One is that the description of the man – aside from his superhuman strength – is not dissimilar to that of someone with mental illness, and these passages have been highlighted as being amongst the first documented instances of self-harm.  I can’t help remembering the times when, gripped by agitated depression, I have cried out and cut myself. 
The other is that, once the demons had been cast out, it is written that he was ‘sitting there, dressed and in his right mind’ (Mark 5:15).  If he was in his right mind then, was he mentally ill before?
I have agonised about this, but, in the end, the defining feature of this man’s demon possession is that he recognised Jesus and his authority. Mark records that he cried out;

“What do you want with me, Jesus, Son of the Most High God?  Swear to God that you won’t torture me!” (Mark 5:7)

Luke’s record of his words is similar;

“What do you want with me, Jesus, son of the Most High God?  I beg you, don’t torture me!” (Luke 8:28)

Whatever similarities there may be between Legion’s demon-possessed state and mental illness, there are also clear differences.

Compounding stigma

Because mental illnesses – especially severe psychotic illnesses (schizophrenia, schizoaffective disorder and bipolar disorder) – are stigmatising, those who suffer often also experience secondary suffering in the forms of discrimination and social exclusion.  As Christians, we have a role to play in eliminating this stigma and helping people with mental illness to integrate into the church and society.  For this reason, we need to be very careful about ‘diagnosing’ demon possession – which compounds stigma still further, praying for discernment and seeking expert advice (for example, from a Christian psychiatrist) before concluding that there is a demonic element in someone’s mental illness.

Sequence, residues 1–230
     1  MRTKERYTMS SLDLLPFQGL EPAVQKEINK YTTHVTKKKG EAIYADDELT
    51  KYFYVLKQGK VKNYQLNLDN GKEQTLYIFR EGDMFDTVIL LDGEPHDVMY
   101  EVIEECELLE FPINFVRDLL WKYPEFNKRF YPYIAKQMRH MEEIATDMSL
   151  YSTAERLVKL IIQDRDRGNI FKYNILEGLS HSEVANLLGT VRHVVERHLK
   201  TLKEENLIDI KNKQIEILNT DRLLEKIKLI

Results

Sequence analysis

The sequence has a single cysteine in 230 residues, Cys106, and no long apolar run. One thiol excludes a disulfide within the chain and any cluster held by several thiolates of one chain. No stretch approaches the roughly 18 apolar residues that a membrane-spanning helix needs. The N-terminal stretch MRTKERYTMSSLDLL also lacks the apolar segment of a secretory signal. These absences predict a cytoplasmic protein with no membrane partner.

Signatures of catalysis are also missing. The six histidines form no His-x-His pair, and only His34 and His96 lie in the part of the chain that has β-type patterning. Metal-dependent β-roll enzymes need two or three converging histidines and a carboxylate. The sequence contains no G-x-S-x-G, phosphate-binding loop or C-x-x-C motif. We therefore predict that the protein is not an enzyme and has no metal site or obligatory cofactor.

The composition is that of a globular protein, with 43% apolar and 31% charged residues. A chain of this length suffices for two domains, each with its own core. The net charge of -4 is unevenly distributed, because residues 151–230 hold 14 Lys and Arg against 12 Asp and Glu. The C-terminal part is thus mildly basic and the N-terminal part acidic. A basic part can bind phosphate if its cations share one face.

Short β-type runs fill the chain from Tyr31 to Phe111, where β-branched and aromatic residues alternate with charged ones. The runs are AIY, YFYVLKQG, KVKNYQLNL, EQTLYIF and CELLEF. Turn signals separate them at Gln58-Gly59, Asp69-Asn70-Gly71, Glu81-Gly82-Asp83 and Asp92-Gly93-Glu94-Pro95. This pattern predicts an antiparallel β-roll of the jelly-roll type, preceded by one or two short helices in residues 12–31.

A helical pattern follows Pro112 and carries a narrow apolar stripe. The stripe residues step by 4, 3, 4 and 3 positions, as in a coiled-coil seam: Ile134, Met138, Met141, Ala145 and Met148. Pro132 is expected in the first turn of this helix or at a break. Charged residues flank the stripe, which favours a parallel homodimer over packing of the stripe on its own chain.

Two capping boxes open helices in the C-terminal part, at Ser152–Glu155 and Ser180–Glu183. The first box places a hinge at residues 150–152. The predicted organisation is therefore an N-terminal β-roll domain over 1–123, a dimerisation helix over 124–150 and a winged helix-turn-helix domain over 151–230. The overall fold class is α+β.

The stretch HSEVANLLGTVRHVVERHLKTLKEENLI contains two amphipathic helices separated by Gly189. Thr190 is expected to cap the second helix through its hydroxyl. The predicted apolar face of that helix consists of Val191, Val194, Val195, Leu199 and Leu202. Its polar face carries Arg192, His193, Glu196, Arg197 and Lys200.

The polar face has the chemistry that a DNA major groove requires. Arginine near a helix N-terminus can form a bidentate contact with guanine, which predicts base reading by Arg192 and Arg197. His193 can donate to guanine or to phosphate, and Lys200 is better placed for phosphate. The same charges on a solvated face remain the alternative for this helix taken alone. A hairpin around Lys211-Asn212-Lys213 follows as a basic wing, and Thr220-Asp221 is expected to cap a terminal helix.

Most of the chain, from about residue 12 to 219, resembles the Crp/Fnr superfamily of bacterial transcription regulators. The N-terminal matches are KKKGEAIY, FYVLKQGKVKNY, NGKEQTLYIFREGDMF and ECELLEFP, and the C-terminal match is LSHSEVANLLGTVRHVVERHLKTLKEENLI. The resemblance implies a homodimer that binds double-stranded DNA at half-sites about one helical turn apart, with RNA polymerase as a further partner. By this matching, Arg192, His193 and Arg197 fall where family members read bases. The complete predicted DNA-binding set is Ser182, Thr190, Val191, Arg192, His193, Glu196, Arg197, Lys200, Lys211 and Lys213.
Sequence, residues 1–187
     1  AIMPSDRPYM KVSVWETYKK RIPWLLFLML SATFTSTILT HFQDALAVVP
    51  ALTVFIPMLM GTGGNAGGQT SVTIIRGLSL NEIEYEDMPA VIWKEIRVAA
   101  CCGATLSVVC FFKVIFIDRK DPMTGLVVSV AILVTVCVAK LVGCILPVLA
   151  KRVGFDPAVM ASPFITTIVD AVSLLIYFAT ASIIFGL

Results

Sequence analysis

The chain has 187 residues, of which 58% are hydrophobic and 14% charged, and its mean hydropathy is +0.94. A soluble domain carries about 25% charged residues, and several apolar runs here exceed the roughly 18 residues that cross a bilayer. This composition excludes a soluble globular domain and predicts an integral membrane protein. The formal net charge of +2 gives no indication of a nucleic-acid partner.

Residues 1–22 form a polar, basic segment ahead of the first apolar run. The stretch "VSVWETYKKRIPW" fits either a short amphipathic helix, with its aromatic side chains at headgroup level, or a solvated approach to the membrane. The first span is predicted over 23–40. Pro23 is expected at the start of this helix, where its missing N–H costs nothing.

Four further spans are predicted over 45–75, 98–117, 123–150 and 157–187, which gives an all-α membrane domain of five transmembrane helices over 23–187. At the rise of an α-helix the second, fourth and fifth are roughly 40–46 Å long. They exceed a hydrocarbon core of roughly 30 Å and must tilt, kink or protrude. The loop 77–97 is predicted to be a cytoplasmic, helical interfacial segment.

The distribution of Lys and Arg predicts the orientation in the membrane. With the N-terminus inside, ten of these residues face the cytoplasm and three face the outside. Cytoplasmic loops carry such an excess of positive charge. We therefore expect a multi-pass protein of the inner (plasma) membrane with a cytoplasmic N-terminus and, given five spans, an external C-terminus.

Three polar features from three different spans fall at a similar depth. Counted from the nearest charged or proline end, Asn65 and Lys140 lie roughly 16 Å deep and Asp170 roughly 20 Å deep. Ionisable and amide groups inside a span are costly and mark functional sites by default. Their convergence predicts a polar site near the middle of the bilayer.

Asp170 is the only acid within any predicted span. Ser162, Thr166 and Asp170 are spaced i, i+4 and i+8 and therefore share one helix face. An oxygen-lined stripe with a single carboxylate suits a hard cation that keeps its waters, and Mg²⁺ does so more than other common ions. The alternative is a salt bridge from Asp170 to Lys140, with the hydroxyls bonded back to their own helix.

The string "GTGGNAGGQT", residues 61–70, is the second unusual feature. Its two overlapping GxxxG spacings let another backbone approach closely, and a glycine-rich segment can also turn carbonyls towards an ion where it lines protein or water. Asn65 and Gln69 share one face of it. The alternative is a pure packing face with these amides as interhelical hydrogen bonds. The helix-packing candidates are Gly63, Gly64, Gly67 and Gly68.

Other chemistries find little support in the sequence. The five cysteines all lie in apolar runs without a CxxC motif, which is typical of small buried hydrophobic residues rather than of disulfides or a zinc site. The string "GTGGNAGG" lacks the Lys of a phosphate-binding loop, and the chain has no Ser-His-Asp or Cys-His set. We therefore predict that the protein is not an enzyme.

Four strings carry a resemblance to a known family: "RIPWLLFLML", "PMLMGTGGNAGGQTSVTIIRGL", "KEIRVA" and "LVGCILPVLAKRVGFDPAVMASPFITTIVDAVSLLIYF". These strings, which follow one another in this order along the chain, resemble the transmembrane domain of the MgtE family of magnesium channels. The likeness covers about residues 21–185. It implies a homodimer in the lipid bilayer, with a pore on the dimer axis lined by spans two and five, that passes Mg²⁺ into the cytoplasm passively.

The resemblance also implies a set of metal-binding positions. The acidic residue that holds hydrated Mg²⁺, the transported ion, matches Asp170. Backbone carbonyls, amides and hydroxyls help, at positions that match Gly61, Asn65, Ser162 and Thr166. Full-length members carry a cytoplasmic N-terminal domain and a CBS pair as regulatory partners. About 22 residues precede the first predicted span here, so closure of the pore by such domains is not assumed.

A new day

Of course, all illness – physical and mental – is a result of the fall and, in that sense, a consequence of evil.  We are thankful, then, for a great Redeemer, who will one day deliver us from all illness and demonic influence and bring us to live in a new order with him where there is ‘no more death or mourning or crying or pain’ (Revelation 21:4).  A new order with no more psychosis or depression or mania or self-injury is heaven indeed. 
In the meantime, we need to exercise care and compassion towards those with psychotic illness.  It took me a long time to recover from that prayer for ‘deliverance’: let’s educate those around us and make sure that the mentally ill are better understood.

Sharon Hastings, 06/01/2020